A tale of two citiesExcept for a syllable, and the Mahakali River, there is almost no difference between Darchula and Dharchula. The two towns are twins by all rights.
Except for a syllable, and the Mahakali River, there is almost no difference between Darchula and Dharchula. The two towns are twins by all rights. The citizens of Darchula in Nepal regularly cross the Mahakali for employment, and the people of Dharchula in India look for a potential spouse in Darchula, and vice-versa. The two cities share a common language, customs and habits.
An old man enjoying a Hukka is a sight commonly seen in both the towns. The stories of joys and miseries are alike, yet when it is 7:00 am in Dharchula, it is already 7:15 am in Darchula. It is as if twin sisters have been married into two different families; one to India and the other to Nepal. And like sisters, the cities remain connected by a historical bond: A 50-year-old foot bridge.
Though Nepal and India have maintained ‘open border’ policy, the bridge over the Mahakali River seems to be an exception. Every night, around seven o’clock, the security personnel of both the countries in a ritualistic manner close the gate to the suspension bridge. And, in the morning the gates open again for pedestrians to move from one country to the next.
For the longest time, this bridge was the only bloodline to the people of Darchula. Everything—from tea bags to tourists—came across from Dharchula. For somebody in Nepal wanting to go to Nepal’s western most frontier—Darchula—they had to first go down south to India and then move east from the Indian state of Uttarakhand. In the last decade, after a road connecting Darchula to Dadeldhura was completed, the town’s economic and social dependence on its Indian counterpart has substantially decreased. And, the road connection with the rest of Nepal has helped in increasing the economic activity of the region as well. Darchula is also a district that is connected with both India and China, and as such is an important location. As of late, the government has taken a key interest in this place. After the Mahakhali River angrily roared down from Kalapani in 2013, and swept away several buildings, various organs of the state have actively participated in rebuilding the area and securing the bank to prevent any future flooding.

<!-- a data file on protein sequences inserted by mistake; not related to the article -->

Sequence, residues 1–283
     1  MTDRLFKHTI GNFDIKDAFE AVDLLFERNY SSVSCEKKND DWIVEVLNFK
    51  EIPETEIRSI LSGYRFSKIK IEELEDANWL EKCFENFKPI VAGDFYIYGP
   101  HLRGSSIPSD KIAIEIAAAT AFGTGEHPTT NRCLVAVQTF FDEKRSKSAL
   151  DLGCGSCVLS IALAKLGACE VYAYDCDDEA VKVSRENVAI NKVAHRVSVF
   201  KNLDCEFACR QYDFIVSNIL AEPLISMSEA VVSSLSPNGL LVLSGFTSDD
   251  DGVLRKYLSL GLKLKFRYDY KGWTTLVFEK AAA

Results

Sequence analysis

A few months ago I got an opportunity to visit the region. When we arrived there, I experienced a culturally and economically vibrant town. Some locals informed me that the town is yet to unleash its full potential. According to them, Mount Kailash, an important religious site for Hindus and Buddhists, could be easily accessible from Darchula, but a lack of serviceable roads in the Nepali side has meant that the pilgrims and tourists approach the mountain from Dharchula instead. If the tourists can be attracted towards the Nepali side, the town could afford to turn a sandy playground into an athletic arena, one of the locals mentioned in a conversation. Yes, Darchula can be developed further, but for now I was satisfied in the fact that it is no longer a forgotten corner of Nepal.
Text & Photos: Prakash CHandra Timilsena